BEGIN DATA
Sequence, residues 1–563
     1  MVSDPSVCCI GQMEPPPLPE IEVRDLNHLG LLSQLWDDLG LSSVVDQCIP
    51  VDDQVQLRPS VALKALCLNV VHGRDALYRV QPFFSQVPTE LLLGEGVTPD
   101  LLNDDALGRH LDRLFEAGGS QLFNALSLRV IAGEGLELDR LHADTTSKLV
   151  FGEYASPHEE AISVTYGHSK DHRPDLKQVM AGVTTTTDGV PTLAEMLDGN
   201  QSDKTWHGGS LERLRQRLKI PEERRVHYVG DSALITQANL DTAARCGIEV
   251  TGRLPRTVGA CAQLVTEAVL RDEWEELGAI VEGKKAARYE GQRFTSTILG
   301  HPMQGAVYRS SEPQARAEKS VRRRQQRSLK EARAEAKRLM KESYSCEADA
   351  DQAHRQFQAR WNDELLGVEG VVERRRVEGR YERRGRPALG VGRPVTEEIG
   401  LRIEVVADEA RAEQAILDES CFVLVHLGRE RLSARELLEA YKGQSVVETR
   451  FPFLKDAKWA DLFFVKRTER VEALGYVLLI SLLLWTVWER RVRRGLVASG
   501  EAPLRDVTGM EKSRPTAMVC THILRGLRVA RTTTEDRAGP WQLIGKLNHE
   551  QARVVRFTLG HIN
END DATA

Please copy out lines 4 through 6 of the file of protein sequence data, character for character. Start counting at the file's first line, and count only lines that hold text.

   101  LLNDDALGRH LDRLFEAGGS QLFNALSLRV IAGEGLELDR LHADTTSKLV
   151  FGEYASPHEE AISVTYGHSK DHRPDLKQVM AGVTTTTDGV PTLAEMLDGN
   201  QSDKTWHGGS LERLRQRLKI PEERRVHYVG DSALITQANL DTAARCGIEV